Clearly, these thieving individuals like their alter ego, the fiendish late military dictator, Sani Abacha, have no concept of a nation of people. Their moral universe is limited to family and friends. That is why their politics, to paraphrase radical scholar and activist, late Prof Eskor Toyo, is reduced to a grabbing game, a cake sharing contest. So, for example, while Abacha was head of state, pretending to love Nigeria and working to uphold her honour and glory, he, his family, and accomplices were busy looting the country and stashing the loot where their hearts were: Switzerland, Liechtenstein, etc. In just one instance, in December 1999, the Swiss government announced the freezing of $550 million in different banks belonging to Abacha and his family, former National Security Adviser Ismaila Gwarzo, and Abubakar Atiku Bagudu (current Governor of Kebbi State). It is simply impossible to know exactly how much Abacha and those around him stole from Nigeria in the five years of his tyrannical rule.
There are many Abachas, Dasukis, Badehs, Amosus and Sarakis in the system, people who “pledge to Nigeria my country, to be faithful, loyal and honest”, yet they will steal from the same country at every opportunity. But why are millions of Nigerians who bear the brunt of the licentiousness of our thieving public officers not outraged? There is no outrage because most of us will behave the same way if we found ourselves in the shoes of Abacha, Dasuki, Badeh, Amosu or Saraki.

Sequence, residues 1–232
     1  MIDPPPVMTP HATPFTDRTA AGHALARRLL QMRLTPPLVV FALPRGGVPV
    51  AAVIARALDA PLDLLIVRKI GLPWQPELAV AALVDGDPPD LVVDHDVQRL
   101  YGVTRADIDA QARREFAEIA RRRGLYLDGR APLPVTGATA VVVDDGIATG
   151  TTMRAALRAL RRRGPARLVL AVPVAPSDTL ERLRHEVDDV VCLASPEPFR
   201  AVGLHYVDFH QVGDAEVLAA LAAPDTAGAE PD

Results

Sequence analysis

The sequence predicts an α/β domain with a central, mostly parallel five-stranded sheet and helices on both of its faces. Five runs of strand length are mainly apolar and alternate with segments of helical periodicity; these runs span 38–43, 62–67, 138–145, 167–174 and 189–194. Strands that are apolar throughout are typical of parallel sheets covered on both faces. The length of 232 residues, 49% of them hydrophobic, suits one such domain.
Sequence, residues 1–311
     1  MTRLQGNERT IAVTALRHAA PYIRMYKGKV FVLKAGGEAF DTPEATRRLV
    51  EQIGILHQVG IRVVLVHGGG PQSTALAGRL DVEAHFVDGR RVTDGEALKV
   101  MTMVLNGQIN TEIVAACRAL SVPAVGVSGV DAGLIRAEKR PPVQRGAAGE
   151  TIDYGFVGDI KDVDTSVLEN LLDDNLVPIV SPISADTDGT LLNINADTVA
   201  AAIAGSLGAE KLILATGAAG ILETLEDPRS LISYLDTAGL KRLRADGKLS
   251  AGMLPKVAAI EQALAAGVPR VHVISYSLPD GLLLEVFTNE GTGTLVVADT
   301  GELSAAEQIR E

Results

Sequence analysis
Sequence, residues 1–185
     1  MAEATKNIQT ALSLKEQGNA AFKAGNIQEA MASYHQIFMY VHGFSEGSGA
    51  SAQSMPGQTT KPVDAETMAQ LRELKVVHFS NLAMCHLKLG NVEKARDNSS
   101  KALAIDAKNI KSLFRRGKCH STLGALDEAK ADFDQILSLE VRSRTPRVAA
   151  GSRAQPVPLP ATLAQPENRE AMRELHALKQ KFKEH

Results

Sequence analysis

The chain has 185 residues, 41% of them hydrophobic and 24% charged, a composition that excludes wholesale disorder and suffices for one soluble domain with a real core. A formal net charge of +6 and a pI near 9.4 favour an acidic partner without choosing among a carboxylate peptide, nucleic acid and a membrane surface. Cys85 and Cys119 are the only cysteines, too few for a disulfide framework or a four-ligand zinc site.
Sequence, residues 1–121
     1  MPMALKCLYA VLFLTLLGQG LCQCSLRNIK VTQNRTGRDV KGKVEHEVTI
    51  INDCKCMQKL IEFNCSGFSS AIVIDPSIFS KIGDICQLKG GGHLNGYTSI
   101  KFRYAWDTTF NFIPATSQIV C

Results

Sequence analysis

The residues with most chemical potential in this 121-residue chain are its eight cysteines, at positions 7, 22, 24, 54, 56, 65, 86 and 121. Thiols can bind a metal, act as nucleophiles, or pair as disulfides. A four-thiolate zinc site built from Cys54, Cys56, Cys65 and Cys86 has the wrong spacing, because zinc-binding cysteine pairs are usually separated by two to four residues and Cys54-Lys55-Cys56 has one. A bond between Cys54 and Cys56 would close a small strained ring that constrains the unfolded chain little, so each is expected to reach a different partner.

And the reason is simple: “Much of what passes for corruption is not simply a matter of greed but rather the byproduct of legislators or public officials who feel more obligated to family, tribe, religion or ethnic group than to the national community and therefore divert money in that direction.” That was Francis Fukuyama writing about the relationship between nation building and state building in his book, Political Order and Political Decay: From the Industrial Revolution to the Globalization of Democracy. These bandits in uniform and agbada, according to Fukuyama, “are not necessarily immoral people, but their circle of moral obligation is smaller than that of the polity for which they work”.